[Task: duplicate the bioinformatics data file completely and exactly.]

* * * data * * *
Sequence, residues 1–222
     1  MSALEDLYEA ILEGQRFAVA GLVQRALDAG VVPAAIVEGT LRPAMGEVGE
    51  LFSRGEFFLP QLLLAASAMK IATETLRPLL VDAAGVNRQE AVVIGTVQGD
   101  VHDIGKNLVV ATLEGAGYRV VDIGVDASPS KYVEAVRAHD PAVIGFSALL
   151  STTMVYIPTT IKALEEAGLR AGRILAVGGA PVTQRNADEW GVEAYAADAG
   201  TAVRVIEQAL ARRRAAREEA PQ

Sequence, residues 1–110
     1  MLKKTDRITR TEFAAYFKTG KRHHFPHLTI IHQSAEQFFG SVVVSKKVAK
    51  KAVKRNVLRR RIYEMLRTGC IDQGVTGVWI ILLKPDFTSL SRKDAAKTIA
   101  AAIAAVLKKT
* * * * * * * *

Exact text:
Sequence, residues 1–222
     1  MSALEDLYEA ILEGQRFAVA GLVQRALDAG VVPAAIVEGT LRPAMGEVGE
    51  LFSRGEFFLP QLLLAASAMK IATETLRPLL VDAAGVNRQE AVVIGTVQGD
   101  VHDIGKNLVV ATLEGAGYRV VDIGVDASPS KYVEAVRAHD PAVIGFSALL
   151  STTMVYIPTT IKALEEAGLR AGRILAVGGA PVTQRNADEW GVEAYAADAG
   201  TAVRVIEQAL ARRRAAREEA PQ

Sequence, residues 1–110
     1  MLKKTDRITR TEFAAYFKTG KRHHFPHLTI IHQSAEQFFG SVVVSKKVAK
    51  KAVKRNVLRR RIYEMLRTGC IDQGVTGVWI ILLKPDFTSL SRKDAAKTIA
   101  AAIAAVLKKT